I rarely get to tell people about the remarkable career achievements of my wife and business partner. To me and the many professionals that she has worked with over the years, it is a remarkable story.
Laura started her career in the financial services industry with one of the largest wire houses in the country, PaineWebber. She was first hired as a wire operator who “wired” the trades of the branch to the floor of one of the exchanges for execution. Her time was spent between the branch in Thousand Oaks and Encino California. It wasn’t long before she was promoted to Operations Manager in which she transferred to the Oxnard branch. After watching and seeing what the brokers were doing, she decided that she could do better and studied for and passed the Series 7 Securities exam on the very first try. Keep in mind this is still one of the most difficult exams to pass, and it still has a 50% failure rate for folks taking it the second time!! The iconic images of this industry are the Bull and the Bear, hardly something that is welcoming for females or is gender neutral especially during the 80’s.
She then transferred to San Jose to be a broker, just as Silicon Valley was beginning to take shape. She worked on IPO’s for Atari, Eagle Computer and many others. After seeing that the average investor was losing out, with stock trade commissions running from $60 per trade upwards of $500 and more, she thought there had to be a better way. Meanwhile the industry was going through some transformative things and was being de-regulated. She found out about a company, Charles Schwab, and applied and was hired for their Branch Career Development Program. For the next couple of years, Laura traveled throughout Northern California opening Schwab Branch offices. During that period, Laura also worked on the floor of the New York Stock Exchange and was a specialist on the floor of the Pacific Stock Exchange for a brief time. Next, she became the Branch Manager of Schwab’s flagship branch on California Street. This was a popular branch in the heart of San Francisco’s financial district. It was frequented by many, including the grip man of the California Street Cable Car who would stop the car in front of the office and run in and place trades and get quotes. He even stopped his car so that Laura and her branch employees could have their picture taken on the cable car for a promotional piece.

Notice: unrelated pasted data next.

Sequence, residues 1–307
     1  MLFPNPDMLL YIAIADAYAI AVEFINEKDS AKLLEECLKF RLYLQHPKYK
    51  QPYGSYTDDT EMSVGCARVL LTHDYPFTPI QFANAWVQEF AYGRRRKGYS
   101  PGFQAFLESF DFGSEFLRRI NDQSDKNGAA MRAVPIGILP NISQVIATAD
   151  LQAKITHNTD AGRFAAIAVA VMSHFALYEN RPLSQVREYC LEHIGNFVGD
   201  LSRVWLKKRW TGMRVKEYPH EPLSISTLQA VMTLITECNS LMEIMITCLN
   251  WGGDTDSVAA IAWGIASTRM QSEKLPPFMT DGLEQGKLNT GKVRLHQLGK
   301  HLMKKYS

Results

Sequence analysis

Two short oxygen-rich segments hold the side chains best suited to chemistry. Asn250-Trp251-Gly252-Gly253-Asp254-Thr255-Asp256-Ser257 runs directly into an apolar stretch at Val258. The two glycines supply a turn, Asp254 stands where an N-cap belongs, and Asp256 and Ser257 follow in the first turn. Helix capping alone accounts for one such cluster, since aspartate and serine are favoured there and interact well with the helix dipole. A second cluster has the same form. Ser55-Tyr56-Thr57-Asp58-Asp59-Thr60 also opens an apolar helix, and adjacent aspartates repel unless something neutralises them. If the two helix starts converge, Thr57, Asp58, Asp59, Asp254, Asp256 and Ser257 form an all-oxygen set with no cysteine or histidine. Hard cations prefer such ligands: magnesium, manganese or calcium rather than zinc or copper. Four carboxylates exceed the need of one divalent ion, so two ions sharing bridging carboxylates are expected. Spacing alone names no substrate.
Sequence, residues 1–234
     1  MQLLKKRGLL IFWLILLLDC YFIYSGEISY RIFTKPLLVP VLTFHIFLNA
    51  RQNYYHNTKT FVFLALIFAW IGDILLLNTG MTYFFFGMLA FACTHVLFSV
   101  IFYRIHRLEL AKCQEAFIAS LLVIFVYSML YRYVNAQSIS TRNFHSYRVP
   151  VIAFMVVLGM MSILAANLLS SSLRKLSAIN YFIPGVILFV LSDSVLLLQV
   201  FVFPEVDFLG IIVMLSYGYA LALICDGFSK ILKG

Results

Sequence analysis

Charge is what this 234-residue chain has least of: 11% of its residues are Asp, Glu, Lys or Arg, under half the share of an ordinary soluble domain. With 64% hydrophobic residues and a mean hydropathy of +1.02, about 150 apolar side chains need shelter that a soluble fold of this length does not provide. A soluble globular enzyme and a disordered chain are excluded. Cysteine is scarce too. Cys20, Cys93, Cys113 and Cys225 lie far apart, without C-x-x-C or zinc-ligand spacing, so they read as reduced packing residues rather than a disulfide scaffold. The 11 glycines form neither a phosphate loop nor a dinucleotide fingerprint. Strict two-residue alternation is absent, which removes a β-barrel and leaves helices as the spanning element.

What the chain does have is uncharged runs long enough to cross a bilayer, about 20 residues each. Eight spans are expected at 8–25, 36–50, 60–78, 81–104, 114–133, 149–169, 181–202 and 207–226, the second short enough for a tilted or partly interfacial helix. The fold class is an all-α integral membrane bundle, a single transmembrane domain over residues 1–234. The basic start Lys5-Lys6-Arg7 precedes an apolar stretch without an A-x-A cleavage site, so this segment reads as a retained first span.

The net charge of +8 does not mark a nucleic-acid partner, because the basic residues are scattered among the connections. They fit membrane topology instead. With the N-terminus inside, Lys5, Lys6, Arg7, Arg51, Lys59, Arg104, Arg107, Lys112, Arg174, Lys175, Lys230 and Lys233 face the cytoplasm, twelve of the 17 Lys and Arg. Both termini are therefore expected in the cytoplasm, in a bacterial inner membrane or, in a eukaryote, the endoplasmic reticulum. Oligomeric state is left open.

Her next stop was the San Mateo branch which she opened and grew the assets to over $300 million dollars in the late 80’s to early 90’s. It is also noteworthy that Chuck had his second office there for the days he didn’t want to commute all the way into San Francisco. Her next calling was San Francisco Headquarters where she worked on projects like E-Schwab (internet trading) and the first program to opened Schwab’s back office to independent financial advisors. It wasn’t long after that she transitioned to become a director of the first banking/brokerage linked accounts on the street, “Schwab One.” There she was instrumental in improving the banking relationship from Bank of America to PNC to provide better access to clients and their money. Eventually the department outgrew San Francisco and necessitated offices in Indianapolis, Orlando and Denver and Laura and moved the headquarters of Schwab One to Denver.
After she left Schwab, she took a break and opened a Bed and Breakfast in Pleasantville Tennessee before returning to her home town of Huntsville and getting back into financial services.
She spent a few years working with a regional broker before opening her own firm, CochranMickels Retirement Specialists. She again saw the need to assist people who had saved and invested all those years to turn those assets into income that will last for the rest of their lives. She has had tremendous amount of success, in 2017 we grew at 168%, 2018 38% and in 2019 we are tracking on growth of 58%. She enjoys the challenge of helping people achieve their retirement goals and live their dreams. She has recently been awarded her Retirement Income Certified Professional (RICP) designation.
Our industry is very unforgiving, it is always there to catch you off guard, asleep or complacent. As the saying goes, Wall Street starts in graveyard and ends in a river. Laura has spent her whole career dedicated to helping investors navigate between a graveyard and a river.